Vitamin D and Multiple Sclerosis
Multiple sclerosis (MS) is a condition affecting your nerves and your body’s immune system. Your immune system, which is supposed to fight infections, goes haywire and attacks the nerves in your spinal cord and brain.
Recent research suggests MS and vitamin D are linked.
Studies show that people who are vitamin D deficient are at an increased risk of developing MS and people with MS have lower vitamin D levels than others in the general population.
Role of Vitamin D
Vitamin D is called the sunshine vitamin because it’s produced in our skin in response to sunlight. Your body needs vitamin D to absorb the nutrients you get from foods, especially calcium.
We generally can get most of our vitamin D from the sun, but it is also found in some of the foods we eat, including eggs, beef liver, milk, and oily fish.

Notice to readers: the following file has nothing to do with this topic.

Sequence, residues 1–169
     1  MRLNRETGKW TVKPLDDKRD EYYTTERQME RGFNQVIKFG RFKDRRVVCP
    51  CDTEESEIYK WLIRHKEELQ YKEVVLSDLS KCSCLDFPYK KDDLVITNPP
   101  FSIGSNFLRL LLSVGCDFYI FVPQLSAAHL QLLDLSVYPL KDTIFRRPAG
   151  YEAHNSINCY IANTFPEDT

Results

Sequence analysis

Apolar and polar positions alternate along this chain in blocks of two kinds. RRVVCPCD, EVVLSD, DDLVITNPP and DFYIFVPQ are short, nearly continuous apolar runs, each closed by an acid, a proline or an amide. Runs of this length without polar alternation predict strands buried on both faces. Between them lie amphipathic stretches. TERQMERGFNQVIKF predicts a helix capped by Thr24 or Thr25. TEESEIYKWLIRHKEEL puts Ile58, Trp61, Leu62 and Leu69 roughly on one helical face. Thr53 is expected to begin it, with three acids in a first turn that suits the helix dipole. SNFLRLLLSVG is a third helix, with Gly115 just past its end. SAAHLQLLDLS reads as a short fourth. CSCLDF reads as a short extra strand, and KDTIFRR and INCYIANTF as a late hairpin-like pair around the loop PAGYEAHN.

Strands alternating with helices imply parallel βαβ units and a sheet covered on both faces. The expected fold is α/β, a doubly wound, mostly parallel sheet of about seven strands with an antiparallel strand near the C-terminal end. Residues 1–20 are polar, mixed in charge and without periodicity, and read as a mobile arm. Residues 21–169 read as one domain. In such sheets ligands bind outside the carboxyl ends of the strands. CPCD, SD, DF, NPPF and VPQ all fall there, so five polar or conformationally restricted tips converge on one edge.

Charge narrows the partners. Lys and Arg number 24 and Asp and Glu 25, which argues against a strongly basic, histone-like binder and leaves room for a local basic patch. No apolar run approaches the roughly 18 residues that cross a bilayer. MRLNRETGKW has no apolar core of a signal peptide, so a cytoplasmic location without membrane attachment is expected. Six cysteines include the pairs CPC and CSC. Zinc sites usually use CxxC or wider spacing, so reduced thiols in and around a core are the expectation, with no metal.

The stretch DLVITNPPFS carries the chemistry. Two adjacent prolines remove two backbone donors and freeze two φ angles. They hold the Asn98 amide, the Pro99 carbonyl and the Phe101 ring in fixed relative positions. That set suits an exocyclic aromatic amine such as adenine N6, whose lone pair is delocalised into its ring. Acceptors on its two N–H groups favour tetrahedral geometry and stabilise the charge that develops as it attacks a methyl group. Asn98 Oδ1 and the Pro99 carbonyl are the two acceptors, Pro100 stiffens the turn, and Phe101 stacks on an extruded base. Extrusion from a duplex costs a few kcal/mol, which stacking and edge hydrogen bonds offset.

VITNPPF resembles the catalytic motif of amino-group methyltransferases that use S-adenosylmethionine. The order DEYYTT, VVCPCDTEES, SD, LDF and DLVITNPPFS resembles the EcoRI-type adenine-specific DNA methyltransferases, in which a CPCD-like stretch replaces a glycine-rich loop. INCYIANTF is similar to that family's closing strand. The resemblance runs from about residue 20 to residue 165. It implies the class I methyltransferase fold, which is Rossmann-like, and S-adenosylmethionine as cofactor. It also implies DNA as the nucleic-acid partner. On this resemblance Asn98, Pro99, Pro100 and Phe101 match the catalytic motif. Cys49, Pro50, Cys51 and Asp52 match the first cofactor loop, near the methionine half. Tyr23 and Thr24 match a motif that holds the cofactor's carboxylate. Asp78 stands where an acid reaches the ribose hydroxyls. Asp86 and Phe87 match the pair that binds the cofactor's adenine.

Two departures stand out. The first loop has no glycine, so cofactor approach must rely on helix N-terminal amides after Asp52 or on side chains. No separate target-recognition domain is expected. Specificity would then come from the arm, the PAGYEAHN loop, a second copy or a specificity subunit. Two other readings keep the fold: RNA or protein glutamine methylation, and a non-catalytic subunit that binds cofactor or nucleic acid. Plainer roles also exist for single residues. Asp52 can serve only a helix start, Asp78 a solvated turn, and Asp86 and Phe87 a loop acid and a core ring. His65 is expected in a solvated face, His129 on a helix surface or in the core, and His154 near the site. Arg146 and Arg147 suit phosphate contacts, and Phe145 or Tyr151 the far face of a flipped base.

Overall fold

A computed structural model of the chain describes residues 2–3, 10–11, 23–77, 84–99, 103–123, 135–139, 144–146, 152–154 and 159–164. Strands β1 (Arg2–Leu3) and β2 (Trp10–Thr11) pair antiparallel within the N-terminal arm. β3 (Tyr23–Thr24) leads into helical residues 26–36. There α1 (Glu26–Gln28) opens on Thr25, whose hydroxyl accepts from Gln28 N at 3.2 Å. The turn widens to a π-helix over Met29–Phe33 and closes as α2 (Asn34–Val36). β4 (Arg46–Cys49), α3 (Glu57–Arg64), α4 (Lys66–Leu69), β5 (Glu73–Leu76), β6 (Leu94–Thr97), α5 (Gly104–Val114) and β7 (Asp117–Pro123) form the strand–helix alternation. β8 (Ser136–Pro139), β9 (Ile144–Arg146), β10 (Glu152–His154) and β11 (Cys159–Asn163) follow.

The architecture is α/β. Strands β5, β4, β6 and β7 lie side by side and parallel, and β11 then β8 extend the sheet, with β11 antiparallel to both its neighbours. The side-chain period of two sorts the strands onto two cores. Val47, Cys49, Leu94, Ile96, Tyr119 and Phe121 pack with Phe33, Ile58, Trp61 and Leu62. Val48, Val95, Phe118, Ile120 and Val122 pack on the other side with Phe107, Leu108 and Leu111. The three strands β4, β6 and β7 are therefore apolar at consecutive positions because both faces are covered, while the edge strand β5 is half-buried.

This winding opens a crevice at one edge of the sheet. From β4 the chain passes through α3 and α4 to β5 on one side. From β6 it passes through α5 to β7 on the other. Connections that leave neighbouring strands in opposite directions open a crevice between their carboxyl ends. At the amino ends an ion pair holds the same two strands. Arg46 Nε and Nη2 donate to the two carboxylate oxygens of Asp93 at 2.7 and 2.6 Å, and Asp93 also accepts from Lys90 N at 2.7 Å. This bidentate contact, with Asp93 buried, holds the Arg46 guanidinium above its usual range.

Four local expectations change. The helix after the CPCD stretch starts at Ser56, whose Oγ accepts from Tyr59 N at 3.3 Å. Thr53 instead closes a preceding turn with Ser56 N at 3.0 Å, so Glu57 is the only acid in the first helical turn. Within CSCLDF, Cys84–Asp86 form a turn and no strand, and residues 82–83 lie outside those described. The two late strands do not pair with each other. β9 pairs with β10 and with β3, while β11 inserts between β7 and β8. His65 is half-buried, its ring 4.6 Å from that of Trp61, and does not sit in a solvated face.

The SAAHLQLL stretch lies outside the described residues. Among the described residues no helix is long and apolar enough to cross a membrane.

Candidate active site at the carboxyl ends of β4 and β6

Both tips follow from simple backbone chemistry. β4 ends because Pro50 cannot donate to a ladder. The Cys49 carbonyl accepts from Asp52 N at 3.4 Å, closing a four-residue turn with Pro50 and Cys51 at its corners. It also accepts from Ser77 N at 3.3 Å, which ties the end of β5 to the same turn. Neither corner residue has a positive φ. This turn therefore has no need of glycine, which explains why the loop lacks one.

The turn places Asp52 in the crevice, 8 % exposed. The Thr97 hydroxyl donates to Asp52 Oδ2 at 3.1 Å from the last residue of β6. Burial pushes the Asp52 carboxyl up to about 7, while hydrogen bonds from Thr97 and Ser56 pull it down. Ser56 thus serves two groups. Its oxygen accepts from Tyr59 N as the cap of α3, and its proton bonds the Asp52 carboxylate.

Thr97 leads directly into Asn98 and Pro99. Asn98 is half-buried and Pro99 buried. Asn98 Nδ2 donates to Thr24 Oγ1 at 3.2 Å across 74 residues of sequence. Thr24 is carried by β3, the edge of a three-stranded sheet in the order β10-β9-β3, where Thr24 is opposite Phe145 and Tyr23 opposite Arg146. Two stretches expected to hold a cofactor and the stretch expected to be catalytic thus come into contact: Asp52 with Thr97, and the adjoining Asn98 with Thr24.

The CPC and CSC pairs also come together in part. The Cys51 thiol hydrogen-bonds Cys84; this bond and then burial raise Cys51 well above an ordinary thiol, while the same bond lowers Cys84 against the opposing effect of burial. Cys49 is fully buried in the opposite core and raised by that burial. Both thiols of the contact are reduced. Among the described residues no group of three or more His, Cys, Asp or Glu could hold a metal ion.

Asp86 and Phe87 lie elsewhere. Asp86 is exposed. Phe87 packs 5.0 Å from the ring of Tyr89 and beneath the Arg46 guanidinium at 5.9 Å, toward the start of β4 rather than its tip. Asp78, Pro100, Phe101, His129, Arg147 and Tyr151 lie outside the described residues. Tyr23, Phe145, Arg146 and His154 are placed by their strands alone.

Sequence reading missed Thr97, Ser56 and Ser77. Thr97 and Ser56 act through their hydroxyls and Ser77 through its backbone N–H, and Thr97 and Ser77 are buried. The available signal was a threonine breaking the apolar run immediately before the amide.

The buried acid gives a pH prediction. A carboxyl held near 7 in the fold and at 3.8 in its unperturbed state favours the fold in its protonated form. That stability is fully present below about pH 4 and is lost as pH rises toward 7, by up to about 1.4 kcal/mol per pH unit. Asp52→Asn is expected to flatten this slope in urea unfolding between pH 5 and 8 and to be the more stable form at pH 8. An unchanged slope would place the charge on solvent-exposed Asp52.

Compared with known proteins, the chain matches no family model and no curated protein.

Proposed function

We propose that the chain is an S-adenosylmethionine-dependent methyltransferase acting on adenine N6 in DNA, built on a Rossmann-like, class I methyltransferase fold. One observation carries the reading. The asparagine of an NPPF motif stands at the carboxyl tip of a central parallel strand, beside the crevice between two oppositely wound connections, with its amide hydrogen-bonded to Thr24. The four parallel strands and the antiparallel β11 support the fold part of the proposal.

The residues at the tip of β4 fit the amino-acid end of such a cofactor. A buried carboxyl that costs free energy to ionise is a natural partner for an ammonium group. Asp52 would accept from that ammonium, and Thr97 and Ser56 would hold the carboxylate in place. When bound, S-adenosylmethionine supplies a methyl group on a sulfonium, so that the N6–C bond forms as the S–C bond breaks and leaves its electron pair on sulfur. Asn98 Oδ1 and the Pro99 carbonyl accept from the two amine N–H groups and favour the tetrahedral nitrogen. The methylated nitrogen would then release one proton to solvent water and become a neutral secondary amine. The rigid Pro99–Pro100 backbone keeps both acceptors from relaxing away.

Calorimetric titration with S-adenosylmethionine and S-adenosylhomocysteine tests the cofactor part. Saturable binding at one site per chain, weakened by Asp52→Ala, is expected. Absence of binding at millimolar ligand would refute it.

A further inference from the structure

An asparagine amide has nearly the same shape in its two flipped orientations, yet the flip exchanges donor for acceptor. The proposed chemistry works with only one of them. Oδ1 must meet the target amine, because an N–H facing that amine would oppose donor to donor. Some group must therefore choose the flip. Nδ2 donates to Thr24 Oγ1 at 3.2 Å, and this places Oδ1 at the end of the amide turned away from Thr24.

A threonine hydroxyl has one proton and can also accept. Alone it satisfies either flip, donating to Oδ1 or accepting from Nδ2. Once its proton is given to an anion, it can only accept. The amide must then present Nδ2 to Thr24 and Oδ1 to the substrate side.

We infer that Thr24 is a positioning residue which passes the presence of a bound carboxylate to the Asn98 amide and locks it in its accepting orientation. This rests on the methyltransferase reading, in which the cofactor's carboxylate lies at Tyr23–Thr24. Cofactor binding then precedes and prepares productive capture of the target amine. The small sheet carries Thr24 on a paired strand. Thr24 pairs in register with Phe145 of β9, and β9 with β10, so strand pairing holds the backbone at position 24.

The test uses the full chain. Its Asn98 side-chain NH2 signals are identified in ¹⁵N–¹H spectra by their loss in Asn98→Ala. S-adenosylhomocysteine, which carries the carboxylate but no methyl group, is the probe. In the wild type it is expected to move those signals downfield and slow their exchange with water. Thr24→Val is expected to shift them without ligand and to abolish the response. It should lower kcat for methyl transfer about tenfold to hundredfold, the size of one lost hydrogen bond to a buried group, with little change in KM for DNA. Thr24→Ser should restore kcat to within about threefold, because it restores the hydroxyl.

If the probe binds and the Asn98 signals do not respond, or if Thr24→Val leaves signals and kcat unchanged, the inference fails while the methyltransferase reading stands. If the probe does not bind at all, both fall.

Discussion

Researchers have discovered that MS is more common in places further away from the equator because individuals in those countries receive less sunlight. They also have lower vitamin D levels causing researchers to believe there is a connection between vitamin D and MS.
Vitamin D and MS are Linked
It is not clear what causes MS, but growing evidence suggests vitamin D and MS are closely related.
Some studies indicate vitamin D deficiency plays a role in the development of the disease and others show vitamin D supplementation may reduce the risk for some people in developing the disease.
Other studies suggest vitamin D supplementation may reduce the symptoms of MS, but the numbers of these types of studies are few.